It’s rare to see a high school movie that centers male weight loss and body image like this. It addresses the pitfalls and health hazards that Louden is putting himself in, and there’s almost a much more compelling and resonant movie hidden in there that entirely focuses on the emotional weight and consequences that are put on young male athletes to look a certain way.

Jock For Jock

Image Credit: ‘Vision Quest,’ Warner Bros. Home Entertainment

Beyond what the story shows about the male protagonist’s relationship and journey with his own body, the movie at times feels like just a montage of bare torsos, muscles glistening with sweat, and prominent bulges in singlets. It’s not unlike the videos playing on a loop at a gay sports bar on any given weekend.

The wrestling sequences, the scenes at the locker rooms, and the moments where Louden is working out are nothing less than an ode to the male body: how the camera lingers on it, the angles it chooses to showcase, and the sheer amount of screen time the film devotes to it. It’s hard to imagine that the intention wasn’t to bring desire out of the audience. And what audience is most likely to lust after these young jocks?

But there’s never a hint of homosexuality between these boys. At one point, Louden off-handedly mentions that another man tried to “grab his bulge” and he retreated in panic. The characters themselves are full of the brand of “gay panic” masculinity that was characteristic at the time—even if their actions and how they’re depicted are giving the completely opposite message.

Who’s That Girl?

On top of that, and to make mattress even more subtly queer, Vision Quest also marks the film debut of Madonna. She only appears in one scene as a performer in a nightclub that Louden attends in search of his coach. But she is featured front and center, in her iconic and unmistakable uniform of tulle, shirt over the shoulder, and arms covered in bracelets. She performs a mashup of “Gambler” and “Crazy For You”, and the latter continues to play several times throughout.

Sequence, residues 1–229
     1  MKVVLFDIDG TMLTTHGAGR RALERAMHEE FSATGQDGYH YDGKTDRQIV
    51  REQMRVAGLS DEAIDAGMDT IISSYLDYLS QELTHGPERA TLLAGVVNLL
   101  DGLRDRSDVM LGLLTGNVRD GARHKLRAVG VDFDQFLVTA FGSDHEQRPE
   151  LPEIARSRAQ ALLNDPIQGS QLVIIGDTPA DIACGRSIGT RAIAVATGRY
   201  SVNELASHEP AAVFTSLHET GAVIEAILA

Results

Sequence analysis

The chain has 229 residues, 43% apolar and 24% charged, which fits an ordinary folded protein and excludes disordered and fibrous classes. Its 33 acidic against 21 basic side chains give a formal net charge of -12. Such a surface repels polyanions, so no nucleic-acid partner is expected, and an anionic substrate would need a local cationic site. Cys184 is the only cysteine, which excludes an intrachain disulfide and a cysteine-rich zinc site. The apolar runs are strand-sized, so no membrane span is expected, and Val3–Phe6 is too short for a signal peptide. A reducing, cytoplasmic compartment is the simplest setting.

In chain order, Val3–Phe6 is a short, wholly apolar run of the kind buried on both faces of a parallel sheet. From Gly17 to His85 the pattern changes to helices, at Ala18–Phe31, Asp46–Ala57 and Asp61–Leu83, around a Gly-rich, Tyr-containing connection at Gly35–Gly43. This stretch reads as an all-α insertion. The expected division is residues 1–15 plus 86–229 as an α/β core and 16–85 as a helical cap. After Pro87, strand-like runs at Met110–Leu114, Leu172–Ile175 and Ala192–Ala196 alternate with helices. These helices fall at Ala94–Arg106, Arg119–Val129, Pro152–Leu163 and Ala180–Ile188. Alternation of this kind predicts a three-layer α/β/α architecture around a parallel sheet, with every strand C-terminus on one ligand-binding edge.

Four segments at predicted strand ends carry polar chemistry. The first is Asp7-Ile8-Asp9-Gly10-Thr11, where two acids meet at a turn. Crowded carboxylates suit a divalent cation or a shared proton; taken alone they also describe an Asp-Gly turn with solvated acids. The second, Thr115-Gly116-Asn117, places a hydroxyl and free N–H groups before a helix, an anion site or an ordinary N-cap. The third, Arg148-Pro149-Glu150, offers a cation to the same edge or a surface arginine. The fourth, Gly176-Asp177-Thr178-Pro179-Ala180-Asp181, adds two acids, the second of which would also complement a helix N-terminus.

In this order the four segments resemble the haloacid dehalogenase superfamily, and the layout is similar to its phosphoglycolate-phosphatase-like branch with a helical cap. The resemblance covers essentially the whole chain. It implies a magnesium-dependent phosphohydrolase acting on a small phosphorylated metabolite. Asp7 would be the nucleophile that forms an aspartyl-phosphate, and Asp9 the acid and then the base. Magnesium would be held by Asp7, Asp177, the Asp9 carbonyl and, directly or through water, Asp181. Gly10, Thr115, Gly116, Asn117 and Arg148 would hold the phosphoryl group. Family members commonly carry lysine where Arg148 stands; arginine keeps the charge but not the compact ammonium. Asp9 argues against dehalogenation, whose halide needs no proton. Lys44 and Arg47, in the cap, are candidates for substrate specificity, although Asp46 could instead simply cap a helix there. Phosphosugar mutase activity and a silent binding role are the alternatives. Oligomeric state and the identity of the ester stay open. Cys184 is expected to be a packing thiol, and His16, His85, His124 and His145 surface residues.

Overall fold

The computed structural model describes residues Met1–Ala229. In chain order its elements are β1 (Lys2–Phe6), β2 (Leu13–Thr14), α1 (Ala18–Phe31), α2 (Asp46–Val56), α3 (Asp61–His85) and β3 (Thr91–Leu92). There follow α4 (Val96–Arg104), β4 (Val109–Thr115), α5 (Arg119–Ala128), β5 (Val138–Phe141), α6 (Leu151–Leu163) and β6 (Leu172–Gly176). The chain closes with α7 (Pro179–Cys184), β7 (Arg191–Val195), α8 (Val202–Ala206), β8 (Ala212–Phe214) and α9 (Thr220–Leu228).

In fact, “Crazy For You” was recorded specifically for the film, and in some territories, it became the movie’s official title to tie the single even more closely to it. It marked the beginning of Madonna’s lengthy movie career, both as an actress and a featured performer in the soundtrack.

Down For The Count

Image Credit: ‘Vision Quest,’ Warner Bros. Home Entertainment

But to return to the question we posed… could Vision Quest be considered part of the queer cinema canon? As for contributing meaningful or impactful representation of queer storylines and characters, the movie does little of that, and even perpetuates some harmful stereotypes and ideas about masculinity.

However, it cannot be understated how much the movie borrows from queer-adjacent (or shall we call it, queer-pleasing) imagery and archetypes: the hot, sweaty jocks and their exposed muscles and acts of physical intimacy in the name of sportsmanship. Although not explicitly queer, there is a queer lens to it.

At the very least, it almost certainly helped or accelerated a gay awakening to some unexpected boys watching in the ’80s. And those movies always hold a special, though complicated place in our history.

Vision Quest is now streaming on The Roku Channel & Tubi, and is available for digital rental/purchase via Amazon Prime Video, AppleTV, Google Play, Vudu, and YouTube TV.